Hurricane Katrina:

Barriers to Mental Health Services for Children Persist in Greater New Orleans, Although Federal Grants Are Helping to Address Them

GAO-09-935T: Published: Aug 4, 2009. Publicly Released: Aug 4, 2009.

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This testimony discusses the protection of children during disaster recovery and to provide highlights of our July 2009 report entitled Hurricane Katrina: Barriers to Mental Health Services for Children Persist in Greater New Orleans, Although Federal Grants Are Helping to Address Them. The greater New Orleans area has yet to fully recover from the effects of Hurricane Katrina, which made landfall on August 29, 2005. One issue of concern in the recovery is the availability of mental health services for children. In our report, we estimated that in 2008 about 187,000 children were living in the greater New Orleans area--which we defined as Jefferson, Orleans, Plaquemines, and St. Bernard parishes. Many children in the greater New Orleans area experienced psychological trauma as a result of Hurricane Katrina and its aftermath, and studies have shown that such trauma can have long-lasting behavioral, psychological, and emotional effects on children. Poor children in this area may also be at additional risk, because studies have also shown that children who grow up in poverty are at risk for the development of mental health disorders. In 2007 the poverty rate for each of the four parishes in the greater New Orleans area was higher than the national average, and in Orleans and St. Bernard parishes, the rate was at least twice the national average. Experts have found increases in the incidence of depression, post-traumatic stress disorder symptoms, risk-taking behavior, and somatic and psychosomatic conditions in children who experienced the effects of Hurricane Katrina. In addition, children in greater New Orleans may continue to experience psychological trauma because of the slow recovery of stable housing and other factors, such as the recurring threat of hurricanes. Data collected by Louisiana State University (LSU) Health Sciences Center researchers indicate that of the area children they screened in January 2008, 30 percent met the threshold for a possible mental health referral. Although this was a decrease from the 49 percent level during the 2005-06 school year screening, the rate of decline was slower than experts had expected. Experts have previously identified barriers both to providing and to obtaining mental health services for children. Barriers to providing services are those that affect the ability of health care organizations to provide services, such as a lack of providers; and barriers to obtaining services are those that affect the ability of families to gain access to services, such as concerns regarding the stigma often associated with mental health services for children. The devastation to the health care system in greater New Orleans caused by Hurricane Katrina may have exacerbated such barriers.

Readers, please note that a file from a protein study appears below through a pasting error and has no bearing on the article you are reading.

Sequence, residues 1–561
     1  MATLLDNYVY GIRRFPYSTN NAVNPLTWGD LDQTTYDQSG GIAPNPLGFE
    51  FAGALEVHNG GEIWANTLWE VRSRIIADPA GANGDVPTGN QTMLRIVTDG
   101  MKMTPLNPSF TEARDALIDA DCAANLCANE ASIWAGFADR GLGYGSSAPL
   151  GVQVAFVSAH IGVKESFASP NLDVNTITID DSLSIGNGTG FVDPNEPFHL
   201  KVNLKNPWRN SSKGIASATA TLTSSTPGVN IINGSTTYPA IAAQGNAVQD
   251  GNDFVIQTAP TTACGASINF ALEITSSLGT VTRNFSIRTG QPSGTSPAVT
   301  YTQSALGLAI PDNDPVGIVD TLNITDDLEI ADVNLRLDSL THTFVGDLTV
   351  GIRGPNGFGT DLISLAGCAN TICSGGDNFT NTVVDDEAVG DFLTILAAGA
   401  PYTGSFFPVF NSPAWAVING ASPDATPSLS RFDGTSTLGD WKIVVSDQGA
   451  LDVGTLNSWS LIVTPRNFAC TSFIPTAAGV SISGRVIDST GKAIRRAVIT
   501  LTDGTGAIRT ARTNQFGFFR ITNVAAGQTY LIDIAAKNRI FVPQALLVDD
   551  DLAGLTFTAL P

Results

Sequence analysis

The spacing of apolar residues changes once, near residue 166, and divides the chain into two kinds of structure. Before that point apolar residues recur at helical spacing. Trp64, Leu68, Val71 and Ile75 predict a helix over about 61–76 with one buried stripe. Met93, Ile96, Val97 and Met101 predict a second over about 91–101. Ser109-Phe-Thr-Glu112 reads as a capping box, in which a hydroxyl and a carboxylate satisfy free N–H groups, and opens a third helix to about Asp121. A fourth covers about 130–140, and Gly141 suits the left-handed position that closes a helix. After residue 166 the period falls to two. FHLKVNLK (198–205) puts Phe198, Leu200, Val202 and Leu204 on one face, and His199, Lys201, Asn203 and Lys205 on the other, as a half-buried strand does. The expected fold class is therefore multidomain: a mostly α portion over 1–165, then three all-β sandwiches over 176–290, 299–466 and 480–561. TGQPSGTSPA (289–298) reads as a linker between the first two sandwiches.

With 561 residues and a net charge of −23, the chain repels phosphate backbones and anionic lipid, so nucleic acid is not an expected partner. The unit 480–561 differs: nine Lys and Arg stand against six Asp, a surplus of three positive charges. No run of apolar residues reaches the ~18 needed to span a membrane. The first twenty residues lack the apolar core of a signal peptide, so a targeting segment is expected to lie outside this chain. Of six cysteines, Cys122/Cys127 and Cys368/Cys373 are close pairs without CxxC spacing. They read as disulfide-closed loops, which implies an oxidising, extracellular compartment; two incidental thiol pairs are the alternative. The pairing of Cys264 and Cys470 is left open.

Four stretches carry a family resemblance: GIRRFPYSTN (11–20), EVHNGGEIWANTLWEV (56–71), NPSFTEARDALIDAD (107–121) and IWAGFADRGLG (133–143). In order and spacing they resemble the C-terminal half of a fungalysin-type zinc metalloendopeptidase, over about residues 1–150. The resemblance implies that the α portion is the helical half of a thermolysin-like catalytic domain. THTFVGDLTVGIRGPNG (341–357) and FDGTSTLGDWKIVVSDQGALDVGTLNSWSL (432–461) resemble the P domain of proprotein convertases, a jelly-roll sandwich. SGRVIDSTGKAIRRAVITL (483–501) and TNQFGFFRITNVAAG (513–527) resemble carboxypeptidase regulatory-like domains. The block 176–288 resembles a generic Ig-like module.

Stakeholder organizations most frequently identified a lack of mental health providers and sustainability of funding as barriers to providing mental health services to children in the greater New Orleans area, and they most frequently identified a lack of transportation, competing family priorities, and concern regarding stigma as barriers to families' obtaining mental health services for children. A range of federal programs are helping to address these barriers, but much of the funding they provide is temporary. Among the 18 stakeholder organizations that participated in our structured interviews, the most frequently identified barrier to providing mental health services was a lack of providers. With regard to families' ability to obtain services for their children, 12 of the 18 organizations identified lack of transportation as a barrier. A range of federal programs address barriers to mental health services for children in the greater New Orleans area by supporting various state and local efforts--including hiring providers, assisting families, and utilizing schools as delivery sites--but much of the funding is temporary. Funding from several HHS programs has been used to transport children to mental health services. Federal programs also provide funding that is used to alleviate conditions that create competing family priorities--including dealing with housing problems, unemployment, and financial concerns--to help families more easily obtain children's mental health services. Louisiana has used federal funds to help support school-based health centers (SBHC), which have emerged as a key approach in the greater New Orleans area to address barriers to obtaining mental health services for children.

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